Author: Evelyn Head | Category: Around Campus | November 07, 2014
Dr. Ellen Lumpkin is an associate professor in Dermatology, Physiology, and Cellular Biophysics within Columbia University's Medical Center. As a part of the Physiology Department's seminar series, Dr. Lumpkin will be lecturing about her research today at 12:00 pm in lecture hall 309L. In addition to asking Dr. Lumpkin questions about her research, the Pipette Gazette had the opportunity to ask Dr. Lumpkin about her reasons for becoming a scientist, her hobbies and interests, and advice for graduate students.
[PG] How did you become interested in a science career?
[Dr. Lumpkin] I grew up in East Texas, where I was a member of the Future Farmers of America.
In ninth grade, I became fascinated with Mendelian genetics in a class on
animal breeding. I decided then to be a scientist.
[PG] How would you explain your research to the non-scientist?
[Dr. Lumpkin] My group aims to understand how the skin’s sensory neurons pick out different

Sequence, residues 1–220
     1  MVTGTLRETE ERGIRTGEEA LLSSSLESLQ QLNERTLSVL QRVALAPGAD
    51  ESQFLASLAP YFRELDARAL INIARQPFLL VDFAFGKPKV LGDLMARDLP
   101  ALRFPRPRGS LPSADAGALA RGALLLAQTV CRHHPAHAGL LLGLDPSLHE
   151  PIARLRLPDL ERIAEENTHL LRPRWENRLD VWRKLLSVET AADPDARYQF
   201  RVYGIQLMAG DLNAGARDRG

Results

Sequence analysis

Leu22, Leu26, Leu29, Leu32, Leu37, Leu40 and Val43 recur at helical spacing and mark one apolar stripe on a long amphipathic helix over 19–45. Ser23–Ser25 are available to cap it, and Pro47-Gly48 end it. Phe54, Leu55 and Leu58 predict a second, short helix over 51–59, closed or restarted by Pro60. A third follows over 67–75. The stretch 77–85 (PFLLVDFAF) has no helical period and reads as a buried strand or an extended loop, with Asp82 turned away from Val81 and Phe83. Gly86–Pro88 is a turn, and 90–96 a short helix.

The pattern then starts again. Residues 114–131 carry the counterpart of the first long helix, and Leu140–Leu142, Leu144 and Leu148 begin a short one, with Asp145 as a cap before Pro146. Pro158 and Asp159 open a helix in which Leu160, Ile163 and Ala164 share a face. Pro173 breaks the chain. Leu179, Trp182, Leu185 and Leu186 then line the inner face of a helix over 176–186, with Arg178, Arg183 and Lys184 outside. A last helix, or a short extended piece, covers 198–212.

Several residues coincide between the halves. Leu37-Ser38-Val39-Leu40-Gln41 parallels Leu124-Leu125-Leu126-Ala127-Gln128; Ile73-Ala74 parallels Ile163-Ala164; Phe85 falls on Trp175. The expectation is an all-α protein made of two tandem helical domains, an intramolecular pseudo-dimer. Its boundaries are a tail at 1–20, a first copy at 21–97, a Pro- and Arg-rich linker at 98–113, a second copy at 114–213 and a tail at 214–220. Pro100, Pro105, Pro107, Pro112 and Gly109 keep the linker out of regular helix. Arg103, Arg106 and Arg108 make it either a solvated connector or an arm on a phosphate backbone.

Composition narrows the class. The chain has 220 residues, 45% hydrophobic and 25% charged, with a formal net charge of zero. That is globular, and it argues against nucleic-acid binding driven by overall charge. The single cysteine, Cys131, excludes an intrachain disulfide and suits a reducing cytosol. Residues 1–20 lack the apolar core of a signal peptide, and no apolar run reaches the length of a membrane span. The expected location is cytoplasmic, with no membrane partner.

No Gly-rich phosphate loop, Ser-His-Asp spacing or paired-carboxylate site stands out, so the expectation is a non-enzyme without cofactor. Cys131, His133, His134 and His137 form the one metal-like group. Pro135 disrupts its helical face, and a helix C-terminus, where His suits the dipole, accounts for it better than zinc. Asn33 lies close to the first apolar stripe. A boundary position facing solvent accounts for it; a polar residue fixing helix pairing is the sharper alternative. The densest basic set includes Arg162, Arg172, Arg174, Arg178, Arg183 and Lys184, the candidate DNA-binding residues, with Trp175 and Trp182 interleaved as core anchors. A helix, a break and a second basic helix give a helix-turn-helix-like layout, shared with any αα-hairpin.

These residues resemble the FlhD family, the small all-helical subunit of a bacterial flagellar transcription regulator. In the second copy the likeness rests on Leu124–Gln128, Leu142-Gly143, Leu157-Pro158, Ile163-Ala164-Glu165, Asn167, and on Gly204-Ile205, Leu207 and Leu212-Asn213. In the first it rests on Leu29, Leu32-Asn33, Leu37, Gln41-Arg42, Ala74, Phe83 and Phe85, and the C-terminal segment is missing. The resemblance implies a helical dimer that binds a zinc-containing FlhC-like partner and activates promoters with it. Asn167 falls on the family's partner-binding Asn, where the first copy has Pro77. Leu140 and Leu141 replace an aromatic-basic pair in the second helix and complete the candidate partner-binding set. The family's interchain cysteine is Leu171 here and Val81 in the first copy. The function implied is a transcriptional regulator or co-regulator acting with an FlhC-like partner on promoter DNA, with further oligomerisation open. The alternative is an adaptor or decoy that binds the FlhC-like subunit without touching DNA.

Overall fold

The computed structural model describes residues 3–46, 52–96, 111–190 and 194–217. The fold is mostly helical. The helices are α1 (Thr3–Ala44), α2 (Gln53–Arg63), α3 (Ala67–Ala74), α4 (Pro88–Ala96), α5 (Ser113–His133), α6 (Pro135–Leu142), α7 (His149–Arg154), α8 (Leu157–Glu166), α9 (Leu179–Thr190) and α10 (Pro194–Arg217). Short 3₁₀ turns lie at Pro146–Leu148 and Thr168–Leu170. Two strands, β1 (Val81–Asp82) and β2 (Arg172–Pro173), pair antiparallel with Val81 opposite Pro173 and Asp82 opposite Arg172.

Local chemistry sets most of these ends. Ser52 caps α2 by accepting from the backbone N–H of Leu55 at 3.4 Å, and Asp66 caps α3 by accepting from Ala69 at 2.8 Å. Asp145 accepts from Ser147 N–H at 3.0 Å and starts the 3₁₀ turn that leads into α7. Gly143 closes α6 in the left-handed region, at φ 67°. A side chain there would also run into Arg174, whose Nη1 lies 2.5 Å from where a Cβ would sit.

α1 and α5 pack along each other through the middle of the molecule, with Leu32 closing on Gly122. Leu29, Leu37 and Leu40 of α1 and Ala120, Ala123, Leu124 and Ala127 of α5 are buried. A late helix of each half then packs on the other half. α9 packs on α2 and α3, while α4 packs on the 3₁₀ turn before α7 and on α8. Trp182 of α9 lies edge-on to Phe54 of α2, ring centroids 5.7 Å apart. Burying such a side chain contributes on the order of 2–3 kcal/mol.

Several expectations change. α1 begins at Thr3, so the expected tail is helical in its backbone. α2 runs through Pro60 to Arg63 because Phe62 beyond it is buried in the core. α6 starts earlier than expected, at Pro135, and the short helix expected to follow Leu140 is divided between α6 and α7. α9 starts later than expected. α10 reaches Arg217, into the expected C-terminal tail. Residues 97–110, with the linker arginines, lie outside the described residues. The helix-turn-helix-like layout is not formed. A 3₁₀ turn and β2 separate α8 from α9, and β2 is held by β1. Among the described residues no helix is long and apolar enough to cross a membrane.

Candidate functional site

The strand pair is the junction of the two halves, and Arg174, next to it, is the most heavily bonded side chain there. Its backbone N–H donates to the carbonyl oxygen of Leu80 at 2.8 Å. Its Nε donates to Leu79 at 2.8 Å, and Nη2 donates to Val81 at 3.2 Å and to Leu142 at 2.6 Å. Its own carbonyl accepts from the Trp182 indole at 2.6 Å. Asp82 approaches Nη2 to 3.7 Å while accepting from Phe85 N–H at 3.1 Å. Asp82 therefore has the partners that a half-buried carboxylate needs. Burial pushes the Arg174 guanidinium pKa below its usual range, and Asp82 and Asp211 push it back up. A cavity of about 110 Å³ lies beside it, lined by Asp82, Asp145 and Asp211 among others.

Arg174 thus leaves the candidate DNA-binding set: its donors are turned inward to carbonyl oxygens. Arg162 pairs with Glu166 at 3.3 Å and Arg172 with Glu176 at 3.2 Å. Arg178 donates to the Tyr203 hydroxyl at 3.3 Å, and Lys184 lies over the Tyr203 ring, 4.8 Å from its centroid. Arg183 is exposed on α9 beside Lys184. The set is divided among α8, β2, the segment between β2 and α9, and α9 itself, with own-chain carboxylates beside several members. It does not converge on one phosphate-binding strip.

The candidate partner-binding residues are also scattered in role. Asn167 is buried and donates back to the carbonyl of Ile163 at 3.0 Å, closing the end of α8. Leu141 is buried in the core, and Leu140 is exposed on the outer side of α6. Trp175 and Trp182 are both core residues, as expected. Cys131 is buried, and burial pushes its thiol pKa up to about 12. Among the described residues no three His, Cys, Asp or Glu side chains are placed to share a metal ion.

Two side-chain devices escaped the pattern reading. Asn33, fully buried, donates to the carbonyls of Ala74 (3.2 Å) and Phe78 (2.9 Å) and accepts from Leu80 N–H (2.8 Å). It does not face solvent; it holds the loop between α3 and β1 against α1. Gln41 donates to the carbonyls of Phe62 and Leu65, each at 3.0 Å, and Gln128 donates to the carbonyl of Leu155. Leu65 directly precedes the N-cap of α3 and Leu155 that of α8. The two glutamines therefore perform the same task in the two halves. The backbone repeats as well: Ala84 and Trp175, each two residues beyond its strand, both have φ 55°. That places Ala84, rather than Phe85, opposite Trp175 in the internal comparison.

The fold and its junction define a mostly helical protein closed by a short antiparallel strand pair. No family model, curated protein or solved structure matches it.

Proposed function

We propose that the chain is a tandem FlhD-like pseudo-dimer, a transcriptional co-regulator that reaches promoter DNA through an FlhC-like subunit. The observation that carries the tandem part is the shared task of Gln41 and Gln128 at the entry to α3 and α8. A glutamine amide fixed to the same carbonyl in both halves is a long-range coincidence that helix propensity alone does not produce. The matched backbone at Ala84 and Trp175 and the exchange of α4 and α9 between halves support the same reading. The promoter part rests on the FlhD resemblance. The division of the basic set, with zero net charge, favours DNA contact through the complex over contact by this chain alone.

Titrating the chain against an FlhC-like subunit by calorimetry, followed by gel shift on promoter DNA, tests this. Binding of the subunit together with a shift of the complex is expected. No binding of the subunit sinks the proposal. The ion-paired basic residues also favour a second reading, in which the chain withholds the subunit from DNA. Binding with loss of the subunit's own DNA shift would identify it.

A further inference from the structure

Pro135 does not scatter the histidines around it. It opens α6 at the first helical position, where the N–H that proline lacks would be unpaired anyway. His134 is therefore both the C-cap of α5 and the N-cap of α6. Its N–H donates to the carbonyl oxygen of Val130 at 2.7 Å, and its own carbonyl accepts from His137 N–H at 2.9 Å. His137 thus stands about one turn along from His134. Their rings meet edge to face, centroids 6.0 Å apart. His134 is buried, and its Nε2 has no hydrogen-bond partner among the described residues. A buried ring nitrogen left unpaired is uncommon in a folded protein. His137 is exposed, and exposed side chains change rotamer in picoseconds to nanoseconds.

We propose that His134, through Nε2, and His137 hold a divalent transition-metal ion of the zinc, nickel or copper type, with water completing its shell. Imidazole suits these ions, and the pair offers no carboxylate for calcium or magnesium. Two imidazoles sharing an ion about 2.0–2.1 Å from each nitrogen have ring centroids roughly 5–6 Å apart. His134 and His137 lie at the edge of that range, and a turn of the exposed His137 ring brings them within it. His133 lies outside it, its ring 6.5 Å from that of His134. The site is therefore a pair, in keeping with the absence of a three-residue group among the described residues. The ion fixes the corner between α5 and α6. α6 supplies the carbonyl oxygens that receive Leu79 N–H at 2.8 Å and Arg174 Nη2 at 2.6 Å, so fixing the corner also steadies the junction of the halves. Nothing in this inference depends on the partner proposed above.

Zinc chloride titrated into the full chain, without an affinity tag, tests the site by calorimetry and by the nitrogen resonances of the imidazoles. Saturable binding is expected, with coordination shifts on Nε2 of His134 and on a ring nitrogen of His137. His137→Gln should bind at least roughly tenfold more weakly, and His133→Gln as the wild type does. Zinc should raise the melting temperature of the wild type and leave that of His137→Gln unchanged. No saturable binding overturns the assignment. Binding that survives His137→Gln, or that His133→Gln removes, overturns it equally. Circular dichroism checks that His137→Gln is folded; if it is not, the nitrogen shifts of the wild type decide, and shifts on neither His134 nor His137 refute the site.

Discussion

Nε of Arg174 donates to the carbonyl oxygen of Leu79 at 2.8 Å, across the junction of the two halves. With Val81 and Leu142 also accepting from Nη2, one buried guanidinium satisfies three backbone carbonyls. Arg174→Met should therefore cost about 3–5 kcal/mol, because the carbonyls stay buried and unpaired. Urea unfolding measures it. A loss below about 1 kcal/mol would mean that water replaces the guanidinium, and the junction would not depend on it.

tactile features of the objects in the world around us. How can we detect
shapes, edges and textures? Why do some objects feel soft, whereas others feel
firm? We address these questions at the molecular and cellular levels, using
transgenic mice, electrophysiology, live-cell imaging, and quantitative 3D
neuroanatomy. We are particularly interested in how skin cells communicate with
the nervous system to encode touch.
[PG] What are some of your other interests and hobbies?
[Dr. Lumpkin] I love modern art and live music. My husband is a professional bassoonist so I
hear plenty of classical concerts. Hobbies are running (essential for my
mental health!), hiking and gardening. Since I moved to Harlem, I’ve become
obsessed with growing heirloom tomatoes and chiles. My neighbors and I have
created a ‘guerrilla garden' in an empty lot on our street. At the height of
the summer, I was harvesting two pounds of tomatoes every day!
[PG] What advice do you have for our graduate students?
[Dr. Lumpkin] Take charge of your own graduate education. Be bold in advocating for yourself
to ensure that you have a terrific scientific environment. Also, learn when to
say ‘no thank you’ so that you can truly focus on your research.
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